An examination of Leos Carax's Holy Motors
The Cannes crowdpleaser questions the medium of cinema and the nature of performance
Leos Carax’s Cannes hit Holy Motors is released in cinemas this month. Hannah McGill ponders this enchanting oddity
Whisked from place to place by his glamorous chauffeur Céline, a man initially seen in business attire keeps a succession of appointments. Before each stop, he transforms himself using elaborate costumes, wigs and prosthetics. He’s a crippled beggar woman scraping pennies on the Pont Neuf. He’s a performer in a motion capture studio whose movements become those of a CGI dragon. He’s a grotesque leprechaun that hijacks a pretentious fashion shoot and kidnaps the model. Sometimes he seems to be the real him, dipping back into his real life; but further layers of artifice are inevitably revealed. At one stage, he meets another one like him, a shapeshifter, and a Wings of Desire-style netherworld of eternal, suffering sprites is suggested – do these players take on their roles as some sort of penance? Elsewhere, it’s implied that it’s the cars in which they travel that wield the real power in whatever relationship this is.
So flickers and glides Leos Carax’s Holy Motors, the sort of radical-chic cinematic statement that will seem as hollow to some as it will revelatory to others. Sometimes, this hallucinatory collage of angles on a life can seem as self-consciously pseudo-weird as the fashion world it spoofs. Ultimately, however, it works on the subconscious like a dream, unearthing emotional responses in unexpected places, and all the while asking us just what we’re doing having emotional responses to made-up stories about pretend strangers. (The fragmented narrative is a trick distantly reminiscent of Italo Calvino’s experimental novel If on a winter’s night a traveller, which commences countless narratives with equal verve and vividness but discontinues all of them). Performance, too, is central here, though what’s being said is ambiguous: perhaps that actors are the unsung bearers of all our dreams and neuroses, or perhaps that the quasi-religious intensity applied to acting as a profession is the manifestation of a collective delusion. And – loath as one is to accuse a film of being ‘about cinema’ in these post-The Artist days, when that implies some dewy paean to the dust motes in the projector beam – there’s no denying that Carax is also blowing a kiss to his art form here. Perhaps this film’s closest comparator is Mulholland Drive: like Lynch’s LA fairytale, it probes the artifice in emotion and the emotion in artifice, and asks what lies behind the masks we put on for others.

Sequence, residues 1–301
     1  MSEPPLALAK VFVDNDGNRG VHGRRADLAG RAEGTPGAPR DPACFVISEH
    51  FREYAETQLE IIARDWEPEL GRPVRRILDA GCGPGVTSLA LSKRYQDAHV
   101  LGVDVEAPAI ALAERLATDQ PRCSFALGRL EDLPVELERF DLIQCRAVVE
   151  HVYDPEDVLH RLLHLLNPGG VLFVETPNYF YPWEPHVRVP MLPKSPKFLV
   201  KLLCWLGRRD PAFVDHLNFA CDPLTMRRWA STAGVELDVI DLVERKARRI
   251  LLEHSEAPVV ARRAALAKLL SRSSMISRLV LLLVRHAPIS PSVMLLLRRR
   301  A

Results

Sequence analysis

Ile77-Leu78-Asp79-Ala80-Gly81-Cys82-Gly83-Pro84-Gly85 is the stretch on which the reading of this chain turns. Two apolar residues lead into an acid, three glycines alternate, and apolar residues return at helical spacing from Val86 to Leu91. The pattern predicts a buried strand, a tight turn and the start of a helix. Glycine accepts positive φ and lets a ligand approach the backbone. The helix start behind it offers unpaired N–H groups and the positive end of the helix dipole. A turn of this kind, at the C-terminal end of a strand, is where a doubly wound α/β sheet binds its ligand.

There’s an extent to which Holy Motors is simply a tribute to the extraordinary primacy of stories and pictures in our lives – the extent to which we live and feel through the filter of narrative, and the power this lends to artists. (References to the performers’ previous work assert Carax’s own fan boy credentials). But in there somewhere too is an exhortation to confront our petty investment in conventional, ordered narrative, and respond instead at the level of feeling. And deeper still, an analysis of the contemporary fragmentation of identity itself. In a culture besotted with image and self-transformation, within which technology offers ever more sophisticated means of disguise, who are we when we’re alone in the back of the car, going between appointments?
Holy Motors is on selected release from Fri 28 Sep.